Whether you’re new to exercise or a seasoned veteran, you’re likely familiar with sore muscles after a workout.
Proper post-workout recovery will help reduce some of the inevitable soreness that comes after changing up your workout or doing something new.
Delayed Onset Muscle Soreness (DOMS) is caused when you create micro tears in your muscles after an activity that your body isn’t used to.
This causes inflammation, which translates to muscle soreness and stiffness days after your workout.
While DOMS can’t be avoided entirely, you can help minimize it in a few ways.
If you don’t feel soreness after a workout, it doesn’t mean you’re doing it wrong. It just means your body is more efficient at what it’s doing, so don’t make it your goal to feel sore. Pain doesn’t translate to gain. Pain can mean injury if you’re pushing yourself too hard too often.
How to Reduce Muscle Soreness
- Dynamic Warm Up
No matter what activity you’re doing, warm ups are an important part of your workout regimen. It can take as little as 5 minutes to prevent days of soreness.
To warm up, do some brisk walking or light jogging. Plyometrics are also a terrific way to get the muscles warmed up.
Good plyometric exercises to start with are leg bounds, box jumps, and rocket jumps.
Refueling after a hard workout is essential to good recovery and muscle repair.
Try to aim for a 3:1 or 4:1 carb to protein ratio snack within 30 minutes after working out, followed by a full meal within two hours.
There are shake options out there, but the high sugar content doesn’t always make them the ideal choice to feed your body. When possible, always aim for real food during post-workout recovery. Good options are a half a bagel with peanut butter, chocolate milk, or a chicken breast with fruit if you want more protein.
If you feel you’re missing the components some shakes offer, try glutamine powder mixed into applesauce and BCAA (branched-chain amino acid) capsules with your snack.
While a cold bath doesn’t usually appeal to anyone, it will start to sound a lot better once you feel the results of the reduction in inflammation. Try to do this as soon as you can after your workout.
Fill a bath so it fully covers your legs and hop in. Stay in the bath for about 5-10 minutes, but no more.
The first few moments feel unbearable, but when you settle in you’ll realize it’s not that bad. Take your hot shower before a cold bath, or you may undo its effects.
The next day after you’ve done your cold bath, a warm bath with Epsom salt can help reduce inflammation and pain. As you soak, the magnesium and sulfate from the salt can get into the body through the skin, replenishing magnesium stores which can help you feel relaxed.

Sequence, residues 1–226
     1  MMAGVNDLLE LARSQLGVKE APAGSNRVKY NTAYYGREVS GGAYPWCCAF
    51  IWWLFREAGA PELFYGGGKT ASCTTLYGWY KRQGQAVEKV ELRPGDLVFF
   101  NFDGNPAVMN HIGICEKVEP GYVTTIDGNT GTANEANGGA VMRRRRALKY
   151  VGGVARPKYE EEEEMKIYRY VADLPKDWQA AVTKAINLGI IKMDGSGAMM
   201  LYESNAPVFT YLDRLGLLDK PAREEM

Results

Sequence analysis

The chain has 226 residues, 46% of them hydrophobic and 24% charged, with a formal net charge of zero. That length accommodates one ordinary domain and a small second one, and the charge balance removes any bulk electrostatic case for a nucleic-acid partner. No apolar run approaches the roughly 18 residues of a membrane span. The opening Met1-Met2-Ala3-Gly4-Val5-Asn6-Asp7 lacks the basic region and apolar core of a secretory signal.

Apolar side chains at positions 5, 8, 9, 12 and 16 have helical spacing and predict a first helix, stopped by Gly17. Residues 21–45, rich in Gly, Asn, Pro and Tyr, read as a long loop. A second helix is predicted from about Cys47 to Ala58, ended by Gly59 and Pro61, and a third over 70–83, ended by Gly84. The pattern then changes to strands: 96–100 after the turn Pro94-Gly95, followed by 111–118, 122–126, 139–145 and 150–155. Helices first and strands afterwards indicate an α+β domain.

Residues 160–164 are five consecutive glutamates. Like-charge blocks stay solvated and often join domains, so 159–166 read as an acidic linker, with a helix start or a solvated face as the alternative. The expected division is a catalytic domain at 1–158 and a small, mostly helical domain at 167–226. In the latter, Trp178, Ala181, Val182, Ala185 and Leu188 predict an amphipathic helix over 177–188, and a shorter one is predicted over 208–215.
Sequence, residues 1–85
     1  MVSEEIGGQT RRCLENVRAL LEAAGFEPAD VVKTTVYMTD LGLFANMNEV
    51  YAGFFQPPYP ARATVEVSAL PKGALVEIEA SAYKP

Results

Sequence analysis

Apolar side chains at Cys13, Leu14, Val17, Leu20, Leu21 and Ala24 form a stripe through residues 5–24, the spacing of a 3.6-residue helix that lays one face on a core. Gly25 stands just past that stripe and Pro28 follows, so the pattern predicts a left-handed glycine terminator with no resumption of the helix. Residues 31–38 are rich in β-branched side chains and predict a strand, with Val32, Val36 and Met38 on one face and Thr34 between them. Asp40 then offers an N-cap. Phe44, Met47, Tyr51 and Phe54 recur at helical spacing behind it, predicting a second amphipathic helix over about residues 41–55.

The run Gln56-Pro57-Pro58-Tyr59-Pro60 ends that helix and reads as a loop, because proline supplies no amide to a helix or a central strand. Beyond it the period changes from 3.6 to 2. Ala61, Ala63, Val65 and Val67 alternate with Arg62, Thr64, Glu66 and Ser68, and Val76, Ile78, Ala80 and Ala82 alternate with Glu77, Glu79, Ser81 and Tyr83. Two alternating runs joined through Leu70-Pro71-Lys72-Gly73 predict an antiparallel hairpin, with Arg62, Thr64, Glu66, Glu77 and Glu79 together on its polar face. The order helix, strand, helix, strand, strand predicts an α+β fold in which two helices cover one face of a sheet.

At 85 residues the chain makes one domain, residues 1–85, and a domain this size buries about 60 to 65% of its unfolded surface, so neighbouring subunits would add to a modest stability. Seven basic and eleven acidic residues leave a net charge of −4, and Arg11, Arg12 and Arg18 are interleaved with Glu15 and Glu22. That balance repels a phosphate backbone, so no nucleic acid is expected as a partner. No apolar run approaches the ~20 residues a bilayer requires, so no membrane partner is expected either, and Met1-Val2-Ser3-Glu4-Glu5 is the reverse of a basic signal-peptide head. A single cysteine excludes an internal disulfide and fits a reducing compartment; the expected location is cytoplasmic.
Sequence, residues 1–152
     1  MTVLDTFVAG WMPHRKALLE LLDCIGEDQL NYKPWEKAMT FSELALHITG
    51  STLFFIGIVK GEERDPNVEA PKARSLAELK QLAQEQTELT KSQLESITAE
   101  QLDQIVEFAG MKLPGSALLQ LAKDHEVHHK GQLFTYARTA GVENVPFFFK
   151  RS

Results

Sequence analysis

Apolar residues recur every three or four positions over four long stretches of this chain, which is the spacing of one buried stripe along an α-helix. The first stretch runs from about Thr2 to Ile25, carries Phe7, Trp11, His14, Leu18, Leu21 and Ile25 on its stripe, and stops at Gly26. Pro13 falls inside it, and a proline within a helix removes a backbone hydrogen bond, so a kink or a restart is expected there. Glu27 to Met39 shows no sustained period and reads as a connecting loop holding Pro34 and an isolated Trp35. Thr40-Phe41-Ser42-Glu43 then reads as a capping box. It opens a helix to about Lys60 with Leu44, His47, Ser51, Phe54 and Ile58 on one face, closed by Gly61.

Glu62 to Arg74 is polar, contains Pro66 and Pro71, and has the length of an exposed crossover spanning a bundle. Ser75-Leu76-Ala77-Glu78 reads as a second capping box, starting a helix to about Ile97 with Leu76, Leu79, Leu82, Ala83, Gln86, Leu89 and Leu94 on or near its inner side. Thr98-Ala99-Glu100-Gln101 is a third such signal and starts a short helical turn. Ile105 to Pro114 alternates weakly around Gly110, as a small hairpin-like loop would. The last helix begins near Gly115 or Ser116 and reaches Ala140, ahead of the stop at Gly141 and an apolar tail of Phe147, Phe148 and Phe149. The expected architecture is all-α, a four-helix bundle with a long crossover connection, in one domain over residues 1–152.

Add two cups of Epsom salt to a bath that’s as hot as you can stand, but not burning, and relax for about 20 minutes.
It’s not recommended to take a warm bath the same day as your workout; rely on a cold bath instead immediately following the workout.
Massaging your muscles with a foam roller, massage stick, or trigger point ball are all good options for keeping the blood flowing through your muscles and reducing soreness.
15 minutes of self-massage per day, even when you’re not working out, can help prevent injury and keep your muscles loose.
Focus on the quadriceps, hamstrings, calves, and lower back. Trigger point balls can be especially useful on the glutes and lower back. Always give your feet some attention as well. They do a lot for us, and we don’t realize how much they do until it’s too late. Focus on the tissue in the arch that connects the toes to the heel and do a few passes with a trigger point ball or golf ball.
Don’t roll too fast. Do several long rolls for each muscle group, holding for 20 seconds on the places that are causing the most pain.
You may also want to consider getting a sports massage once or twice monthly. A good masseuse can target areas in the body that are difficult to massage on our own, such as the arms and upper back. While it can be costly, it can help with injury prevention, stress levels, and sore muscles. Keep in mind that some health insurance companies do offer discounted rates for massage therapy.
It can feel like you deserve to just kick back on the couch for the days following a hard workout, but it’s detrimental to your recovery. Not only can it contribute to stiff, sore muscles, but it the negative effects of sitting can outweigh the positive effort you put into your workout.
Taking a 20-30-minute walk daily and standing every 90 minutes can reduce the effects of sitting and minimize soreness.
Even though you’re sore, you should still attempt to keep moving. Moving keeps the blood moving in your muscles, which aids in recovery. You’ve probably noticed that after extended periods of sitting, it can be hard to get up again due to soreness.
Ease Back In
It’s okay to continue workouts while sore; just make sure you’re listening to your body and not causing pain. If you’ve taken some time off, you might need some time to ramp back up to where you were.
Gradually add to your routine so your body has time to adapt and you’ll likely experience less muscle soreness.
Whether you’re rowing, running, or cycling, try to balance your hard workouts with your easy ones. The rule of thumb is that 80% of your workouts should be done at a low intensity, 20% should be at a high intensity, and avoid any medium intensity sessions. Not only will it help with soreness, but it keeps injuries at bay. This rule can differ per athlete, so determine what is best for you.
Even when you’re doing all the right things, aching muscles are still a normal part of working out. Keep these tips in mind the next time you’re feeling sore, and you’ll feel better faster. Faster recovery means more quality time training. While more training isn’t always better, proper recovery will make sure you always have the opportunity to train more when you want to.